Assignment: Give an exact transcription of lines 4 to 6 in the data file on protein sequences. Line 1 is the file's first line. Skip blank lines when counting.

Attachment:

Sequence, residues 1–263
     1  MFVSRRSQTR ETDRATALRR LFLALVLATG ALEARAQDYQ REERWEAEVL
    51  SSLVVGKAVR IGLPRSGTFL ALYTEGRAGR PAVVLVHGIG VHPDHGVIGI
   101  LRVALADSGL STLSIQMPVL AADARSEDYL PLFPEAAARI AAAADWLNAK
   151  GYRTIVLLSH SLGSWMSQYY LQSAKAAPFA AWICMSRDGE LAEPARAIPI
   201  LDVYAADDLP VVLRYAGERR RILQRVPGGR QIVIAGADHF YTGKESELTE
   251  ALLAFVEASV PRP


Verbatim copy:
   101  LRVALADSGL STLSIQMPVL AADARSEDYL PLFPEAAARI AAAADWLNAK
   151  GYRTIVLLSH SLGSWMSQYY LQSAKAAPFA AWICMSRDGE LAEPARAIPI
   201  LDVYAADDLP VVLRYAGERR RILQRVPGGR QIVIAGADHF YTGKESELTE